The Center for Disease Control states that 78 Americans die every day from an opioid overdose, and that 28,000 Americans died from prescription opioid overdose and heroin combined in 2014. Frighteningly, the number of overdose deaths involving opioids such as prescription pain relievers and heroin has quadrupled since 1999.

Oliceridine is a novel opioid that may provide effective, rapid analgesia and reduce common adverse effects. In Phase II clinical trials, oliceridine has been shown to reduce respiratory depression, nausea, and gastrointestinal tract dysfunction in patients, proving to be safer and more tolerable than morphine.2 Respiratory depression is a common cause of death in opioid overdose, so such promising results could provide a vital tool in combatting the opioid crisis sweeping the United States. The drug itself is a mu-receptor G protein pathway selective modulator that has undergone extensive preclinical research.  If this drug proves to be more tolerable than current prescription opioids, doctors would not have to limit the dose of opioid for patients based on negative side effects. Therefore, patients would experience faster pain relief and be less likely to risk addiction by remaining on opioid analgesics for an extended period of time.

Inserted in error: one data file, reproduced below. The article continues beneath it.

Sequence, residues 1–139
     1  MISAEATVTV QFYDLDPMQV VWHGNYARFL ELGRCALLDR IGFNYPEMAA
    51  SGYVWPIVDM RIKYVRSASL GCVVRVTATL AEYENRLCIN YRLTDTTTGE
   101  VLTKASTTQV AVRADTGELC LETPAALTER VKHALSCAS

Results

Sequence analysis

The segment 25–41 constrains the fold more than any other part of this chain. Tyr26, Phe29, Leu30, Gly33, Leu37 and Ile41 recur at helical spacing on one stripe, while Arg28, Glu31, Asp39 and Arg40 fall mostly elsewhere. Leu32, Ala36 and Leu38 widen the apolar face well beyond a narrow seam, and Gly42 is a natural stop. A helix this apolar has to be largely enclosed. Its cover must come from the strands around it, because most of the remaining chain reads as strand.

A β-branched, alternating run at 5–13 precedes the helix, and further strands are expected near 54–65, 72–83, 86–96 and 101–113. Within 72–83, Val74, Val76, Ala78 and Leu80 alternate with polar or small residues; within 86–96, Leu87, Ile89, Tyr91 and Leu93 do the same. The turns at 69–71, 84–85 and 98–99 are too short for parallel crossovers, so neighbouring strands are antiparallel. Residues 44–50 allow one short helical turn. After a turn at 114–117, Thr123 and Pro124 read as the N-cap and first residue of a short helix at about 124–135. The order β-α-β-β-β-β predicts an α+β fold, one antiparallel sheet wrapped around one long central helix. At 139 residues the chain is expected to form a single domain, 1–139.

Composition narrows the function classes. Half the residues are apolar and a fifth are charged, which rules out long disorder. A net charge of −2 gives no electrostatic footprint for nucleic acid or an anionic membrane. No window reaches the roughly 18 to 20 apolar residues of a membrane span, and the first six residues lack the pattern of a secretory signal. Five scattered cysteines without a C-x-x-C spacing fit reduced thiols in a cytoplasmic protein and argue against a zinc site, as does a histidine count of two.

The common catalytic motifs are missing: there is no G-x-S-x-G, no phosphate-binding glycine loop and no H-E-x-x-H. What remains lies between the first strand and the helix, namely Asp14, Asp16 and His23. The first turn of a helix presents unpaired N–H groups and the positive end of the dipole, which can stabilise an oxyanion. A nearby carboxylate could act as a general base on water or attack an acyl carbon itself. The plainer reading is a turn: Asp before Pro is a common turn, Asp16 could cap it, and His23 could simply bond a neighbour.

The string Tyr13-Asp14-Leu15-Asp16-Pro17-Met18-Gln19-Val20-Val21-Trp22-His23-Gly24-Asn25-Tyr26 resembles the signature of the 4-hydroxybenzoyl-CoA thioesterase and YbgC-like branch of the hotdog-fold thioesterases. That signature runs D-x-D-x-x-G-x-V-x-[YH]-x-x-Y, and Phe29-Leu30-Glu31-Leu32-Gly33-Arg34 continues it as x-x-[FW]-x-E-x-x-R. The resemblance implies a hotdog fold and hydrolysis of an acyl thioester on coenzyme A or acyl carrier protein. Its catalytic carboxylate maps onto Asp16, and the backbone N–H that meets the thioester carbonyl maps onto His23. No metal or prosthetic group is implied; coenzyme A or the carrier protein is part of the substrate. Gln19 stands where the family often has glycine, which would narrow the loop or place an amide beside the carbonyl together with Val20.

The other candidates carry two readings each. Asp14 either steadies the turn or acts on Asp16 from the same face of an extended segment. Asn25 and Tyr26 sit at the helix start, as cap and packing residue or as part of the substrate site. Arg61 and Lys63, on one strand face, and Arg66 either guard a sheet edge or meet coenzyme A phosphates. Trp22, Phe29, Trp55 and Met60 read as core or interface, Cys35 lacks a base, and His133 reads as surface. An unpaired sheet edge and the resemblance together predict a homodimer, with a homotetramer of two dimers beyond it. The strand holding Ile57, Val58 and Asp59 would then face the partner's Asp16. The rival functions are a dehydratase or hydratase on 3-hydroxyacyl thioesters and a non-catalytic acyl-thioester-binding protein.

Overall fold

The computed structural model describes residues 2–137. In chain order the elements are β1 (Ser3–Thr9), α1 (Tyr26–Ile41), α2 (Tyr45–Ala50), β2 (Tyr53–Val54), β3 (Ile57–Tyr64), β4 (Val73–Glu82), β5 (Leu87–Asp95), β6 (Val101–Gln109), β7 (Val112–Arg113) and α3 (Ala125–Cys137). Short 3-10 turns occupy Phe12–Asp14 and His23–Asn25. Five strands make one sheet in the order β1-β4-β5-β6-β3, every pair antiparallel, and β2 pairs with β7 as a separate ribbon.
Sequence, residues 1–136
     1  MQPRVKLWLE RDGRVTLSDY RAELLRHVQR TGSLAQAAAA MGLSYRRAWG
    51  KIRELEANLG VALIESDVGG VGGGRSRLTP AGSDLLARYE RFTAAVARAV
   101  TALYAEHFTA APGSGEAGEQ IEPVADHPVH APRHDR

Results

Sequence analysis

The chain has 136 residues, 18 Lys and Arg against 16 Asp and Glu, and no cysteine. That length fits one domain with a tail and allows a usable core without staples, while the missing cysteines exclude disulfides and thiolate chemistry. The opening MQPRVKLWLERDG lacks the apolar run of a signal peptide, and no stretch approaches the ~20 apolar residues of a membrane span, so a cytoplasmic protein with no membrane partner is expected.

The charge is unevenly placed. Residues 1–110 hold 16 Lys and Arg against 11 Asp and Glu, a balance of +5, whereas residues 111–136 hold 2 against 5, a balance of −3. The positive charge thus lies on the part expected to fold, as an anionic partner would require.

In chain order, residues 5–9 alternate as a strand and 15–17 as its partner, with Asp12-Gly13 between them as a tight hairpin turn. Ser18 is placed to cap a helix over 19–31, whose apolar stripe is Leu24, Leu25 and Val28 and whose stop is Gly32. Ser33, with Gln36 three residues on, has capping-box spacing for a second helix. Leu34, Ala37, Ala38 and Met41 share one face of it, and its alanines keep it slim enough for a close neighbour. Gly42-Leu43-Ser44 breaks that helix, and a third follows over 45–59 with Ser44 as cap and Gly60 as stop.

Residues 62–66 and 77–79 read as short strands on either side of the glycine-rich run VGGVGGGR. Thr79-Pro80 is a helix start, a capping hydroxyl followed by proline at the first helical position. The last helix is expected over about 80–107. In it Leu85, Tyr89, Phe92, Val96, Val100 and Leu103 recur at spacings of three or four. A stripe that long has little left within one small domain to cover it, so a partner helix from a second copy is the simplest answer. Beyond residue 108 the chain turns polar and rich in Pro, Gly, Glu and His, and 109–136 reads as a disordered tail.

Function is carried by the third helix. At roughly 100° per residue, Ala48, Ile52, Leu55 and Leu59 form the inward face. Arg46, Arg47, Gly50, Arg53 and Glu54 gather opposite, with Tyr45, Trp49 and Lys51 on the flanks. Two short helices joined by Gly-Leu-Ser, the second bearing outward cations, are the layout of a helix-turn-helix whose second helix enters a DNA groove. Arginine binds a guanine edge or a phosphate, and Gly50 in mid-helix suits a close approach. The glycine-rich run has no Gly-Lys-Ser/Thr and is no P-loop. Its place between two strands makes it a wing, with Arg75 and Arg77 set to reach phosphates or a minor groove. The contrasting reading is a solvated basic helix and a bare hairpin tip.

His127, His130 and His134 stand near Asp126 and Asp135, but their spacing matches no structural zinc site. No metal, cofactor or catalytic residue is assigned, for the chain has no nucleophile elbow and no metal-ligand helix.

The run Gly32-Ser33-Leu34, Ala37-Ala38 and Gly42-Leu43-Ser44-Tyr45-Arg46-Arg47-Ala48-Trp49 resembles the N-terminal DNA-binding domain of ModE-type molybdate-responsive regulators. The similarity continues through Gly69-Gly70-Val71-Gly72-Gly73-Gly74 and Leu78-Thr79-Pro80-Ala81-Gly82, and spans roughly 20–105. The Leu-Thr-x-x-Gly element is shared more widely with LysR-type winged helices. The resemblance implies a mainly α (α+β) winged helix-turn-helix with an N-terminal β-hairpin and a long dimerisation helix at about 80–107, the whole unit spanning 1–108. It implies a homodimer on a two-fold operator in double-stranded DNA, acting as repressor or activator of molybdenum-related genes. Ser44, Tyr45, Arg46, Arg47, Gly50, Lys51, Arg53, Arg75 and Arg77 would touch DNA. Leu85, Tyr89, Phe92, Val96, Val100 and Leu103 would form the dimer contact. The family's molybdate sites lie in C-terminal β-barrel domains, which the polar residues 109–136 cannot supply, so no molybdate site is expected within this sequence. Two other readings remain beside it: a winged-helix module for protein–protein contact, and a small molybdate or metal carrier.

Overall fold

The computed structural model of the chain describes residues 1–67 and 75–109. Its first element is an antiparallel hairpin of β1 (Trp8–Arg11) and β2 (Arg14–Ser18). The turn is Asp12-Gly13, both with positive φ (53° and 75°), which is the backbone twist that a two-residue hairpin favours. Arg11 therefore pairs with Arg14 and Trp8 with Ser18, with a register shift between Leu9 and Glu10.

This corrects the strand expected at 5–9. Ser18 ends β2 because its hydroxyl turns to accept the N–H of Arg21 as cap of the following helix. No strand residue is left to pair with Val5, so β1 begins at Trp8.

Other options to solve the opioid crisis involve improving the diagnosis and prescription of opioids, expanding treatment of addiction, and reducing access to illegal opioids. Successful resolution of the opioid crisis will likely take a combination of these approaches. Oliceridine presents an exciting  opportunity to retain analgesia while mitigating adverse side effects. The drug is now reaching the conclusion of Phase III trials conducted by Trevena, with data to be released in early 2017.


  1. Center for Disease Control and Prevention. (2016, June). Injury Prevention & Control: Opioid Overdose.
  2. Schneider, S. et al. (2016, October 25). Oliceridine (TRV-130) Binds and Stabilizes a μ-Opioid Receptor Conformational State that Selectively Triggers G Protein-Signaling Pathways. Biochemistry.

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